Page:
Washington

West Virginia

  • West Virginia Assistive Technology System offers resources so people with disabilities are able to obtain assistive technology. The agency offers programs including funding and training. Contact: 304-293-4692.

Wisconsin

Wyoming

  • Daniel’s Fund offers scholarships to help individuals with disabilities fund college. Scholarship amounts vary. Contact: 307-673-1987.
  • WIND Assistive Technology Resources offers resources so people with disabilities are able to obtain assistive technology. The agency offers programs including funding and training. Contact: 888-989-9463.

New Hampshire Mobility Rebate Resources

New Hampshire Disability Grants and Funds for Wheelchair Vans

Financial Aid Resources for Handicap Vans for New Hampshire (NH) Residents
For elderly and disabled people in New Hampshire, grants are readily available from a variety of sources to fund—in part or in its entirety—a wheelchair van. Perhaps you’re looking to purchase or lease a used or new handicap van or perhaps you’re hoping to install conversions like a wheelchair ramp, a scooter lift or adaptive driving controls to make a van more handicapped friendly.

Whatever the case may be, numerous New Hampshire agencies, organizations and foundations are standing by to provide financial aid or to help you locate sources for which you qualify. We’ve done the preliminary research for you. Peruse the resources below and contact any and all that are applicable to you.

We’d also like to remind you that disability-specific groups are a prime source for grants and other help. Find local New Hampshire chapters and inquire within.

Sources for New Hampshire Disability Grants and Assistance


Bureau of Elderly and Adult Services (BEAS)
BEAS serves New Hampshire residents over the age of 60 and residents over the age of 18 who suffer from a chronic illness or disability. This is an excellent resource for information and all sorts of services and support.
129 Pleasant Street
Concord, NH 03301
(603) 271-9203 or (800) 351-1888

Governor’s Commission on Disability
This is an agency of the State of New Hampshire’s government. It is devoted to removing barriers from the lives of the state’s disabled population. Contact this body with your questions about securing disability grants you can put toward a wheelchair van.
57 Regional Drive, Suite 1
Concord, NH 03301
(603) 271-2773 or (800) 852-3405

The Harry Gregg Foundation
This is a cross-disability charitable foundation providing direct financial aid to New Hampshire residents. It began in 1989, created in memory of its namesake, the founder of the Crotched Mountain Rehabilitation Center.
1 Verney Drive
Greenfield, NH 03047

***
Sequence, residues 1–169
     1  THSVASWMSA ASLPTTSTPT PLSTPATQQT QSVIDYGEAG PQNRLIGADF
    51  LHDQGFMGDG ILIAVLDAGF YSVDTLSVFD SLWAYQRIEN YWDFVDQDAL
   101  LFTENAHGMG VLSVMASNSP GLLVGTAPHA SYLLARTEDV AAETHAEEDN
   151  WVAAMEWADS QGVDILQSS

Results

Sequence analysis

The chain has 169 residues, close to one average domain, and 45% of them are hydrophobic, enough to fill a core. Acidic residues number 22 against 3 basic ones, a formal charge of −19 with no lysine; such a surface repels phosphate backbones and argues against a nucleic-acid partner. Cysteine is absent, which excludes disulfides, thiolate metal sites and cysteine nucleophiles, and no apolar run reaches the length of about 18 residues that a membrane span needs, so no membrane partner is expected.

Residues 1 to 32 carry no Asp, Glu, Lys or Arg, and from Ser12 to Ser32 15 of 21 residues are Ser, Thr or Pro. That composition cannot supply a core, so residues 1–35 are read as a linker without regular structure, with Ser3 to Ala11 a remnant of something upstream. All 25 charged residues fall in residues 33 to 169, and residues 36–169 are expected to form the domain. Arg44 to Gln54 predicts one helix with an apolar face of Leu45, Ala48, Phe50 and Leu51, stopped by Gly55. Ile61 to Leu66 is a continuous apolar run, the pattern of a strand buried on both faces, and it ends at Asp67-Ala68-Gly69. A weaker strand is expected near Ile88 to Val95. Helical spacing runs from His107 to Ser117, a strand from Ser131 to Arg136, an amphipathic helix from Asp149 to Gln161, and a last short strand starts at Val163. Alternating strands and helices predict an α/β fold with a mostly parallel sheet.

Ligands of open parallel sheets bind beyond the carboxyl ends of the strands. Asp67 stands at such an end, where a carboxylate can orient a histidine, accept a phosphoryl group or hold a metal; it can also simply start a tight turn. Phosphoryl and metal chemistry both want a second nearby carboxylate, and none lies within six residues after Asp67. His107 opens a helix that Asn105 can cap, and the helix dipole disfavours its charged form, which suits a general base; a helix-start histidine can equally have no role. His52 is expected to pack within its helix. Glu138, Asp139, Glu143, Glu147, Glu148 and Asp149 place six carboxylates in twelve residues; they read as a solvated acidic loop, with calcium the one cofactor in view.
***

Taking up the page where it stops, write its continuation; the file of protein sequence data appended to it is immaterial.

(603) 547-3311 ext. 1490 or (800) 394-3311 ext. 1490
hgf@crotchedmountain.org

Institute on Disability (IOD)
IOD works to improve access to assistive technologies for disabled people living in New Hampshire. This is a good source of information about acquiring and using such technology in the state. It is affiliated with the University of New Hampshire.
Assistive Technology
Institute on Disability
10 West Edge Drive
Suite 101
Durham, NH 03824
(855) 374-9969

New England Americans with Disabilities Act (ADA) Center
The New England ADA Center serves persons with disabilities in New Hampshire. It works to preserve and increase the rights, independence, self-determination and quality of life of the state’s disabled population. Use this key resource to locate an array of disability grants to apply toward a wheelchair van.
180-200 Portland Street
Suite 1
Boston, MA 02114
(617) 695-1225 or (800) 949-4232
ADAinfo@NewEnglandADA.org

New Hampshire Aging and Disability Resource Centers (ADRCs)
For the elderly and disabled living in New Hampshire, the state’s ADRCs are available to provide information and assistance. Talk to a representative to learn about funding options for your handicapped-accessible vehicle. You can find your local office using the link above.

The New Hampshire Council on Developmental Disabilities (NHCDD)
NHCDD offers disability grants to individuals and organizations, along with many other types of assistance. State residents with a condition meeting the Federal guidelines for a developmental disability are eligible for help from the Council.
21 Fruit Street, Suite #22
Concord, NH 03301-2451
(603) 271-3236

New Hampshire State Offices of Veterans Services
U.S. veterans who become disabled in the course of active duty or Veterans Affairs-sanctioned services, or whose disabilities are thus made worse, qualify for all manner of support and disability grants. New Hampshire veterans can often receive the full cost of a wheelchair van in financial aid.
275 Chestnut Street
Room 517
Manchester, NH 03101-2411
(603) 624-9230 or (800) 622-9230

New Hampshire Statewide Independent Living Council (SILC)
This is New Hampshire’s chapter of the country’s SILCs. It is dedicated to helping the disabled lead more independent lives. It furthers this goal by providing reliable information, services and aid to state residents with disabilities.
Paula Ninivaggi
Statewide Independent Living Council
c/o Governor’s Commission on Disability
57 Regional Drive
Concord, NH 03301
(603) 271-0476 or (800) 852-3405 ext. 0476
info@silcnh.org

New Hampshire Vocational Rehabilitation (VR)